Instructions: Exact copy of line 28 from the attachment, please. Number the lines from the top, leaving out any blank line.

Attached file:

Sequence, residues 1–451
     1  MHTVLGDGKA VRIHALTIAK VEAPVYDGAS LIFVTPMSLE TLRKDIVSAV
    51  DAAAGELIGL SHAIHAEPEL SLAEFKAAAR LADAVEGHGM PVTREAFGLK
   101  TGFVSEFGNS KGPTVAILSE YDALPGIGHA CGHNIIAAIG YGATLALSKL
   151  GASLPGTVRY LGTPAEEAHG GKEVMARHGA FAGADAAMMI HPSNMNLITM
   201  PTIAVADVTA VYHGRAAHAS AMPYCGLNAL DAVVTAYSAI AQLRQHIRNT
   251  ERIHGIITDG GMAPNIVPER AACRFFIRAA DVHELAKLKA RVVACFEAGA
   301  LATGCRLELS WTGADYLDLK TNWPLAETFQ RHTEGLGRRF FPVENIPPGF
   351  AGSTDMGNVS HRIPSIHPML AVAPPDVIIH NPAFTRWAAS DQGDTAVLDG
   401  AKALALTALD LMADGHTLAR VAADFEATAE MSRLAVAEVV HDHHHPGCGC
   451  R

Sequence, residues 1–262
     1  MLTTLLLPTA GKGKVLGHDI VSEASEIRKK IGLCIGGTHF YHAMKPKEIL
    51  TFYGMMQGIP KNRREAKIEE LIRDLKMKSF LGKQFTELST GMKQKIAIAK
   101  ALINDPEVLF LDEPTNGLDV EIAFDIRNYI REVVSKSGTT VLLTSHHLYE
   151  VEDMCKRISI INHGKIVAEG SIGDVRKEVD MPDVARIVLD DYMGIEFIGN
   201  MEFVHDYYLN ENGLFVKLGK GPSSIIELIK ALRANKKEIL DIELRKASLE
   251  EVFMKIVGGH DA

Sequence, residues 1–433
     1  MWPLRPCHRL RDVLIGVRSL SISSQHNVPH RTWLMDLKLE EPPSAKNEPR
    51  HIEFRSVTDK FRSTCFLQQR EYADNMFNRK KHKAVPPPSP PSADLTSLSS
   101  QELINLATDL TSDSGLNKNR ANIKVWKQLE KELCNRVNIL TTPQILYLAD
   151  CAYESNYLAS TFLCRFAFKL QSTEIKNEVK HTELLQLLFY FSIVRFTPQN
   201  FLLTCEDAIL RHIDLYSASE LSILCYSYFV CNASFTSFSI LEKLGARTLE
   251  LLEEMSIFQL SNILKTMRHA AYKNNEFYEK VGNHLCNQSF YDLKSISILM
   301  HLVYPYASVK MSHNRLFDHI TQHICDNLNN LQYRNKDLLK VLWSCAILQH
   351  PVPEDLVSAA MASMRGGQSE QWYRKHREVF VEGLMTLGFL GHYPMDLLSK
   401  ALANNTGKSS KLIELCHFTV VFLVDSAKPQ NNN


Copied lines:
   401  ALANNTGKSS KLIELCHFTV VFLVDSAKPQ NNN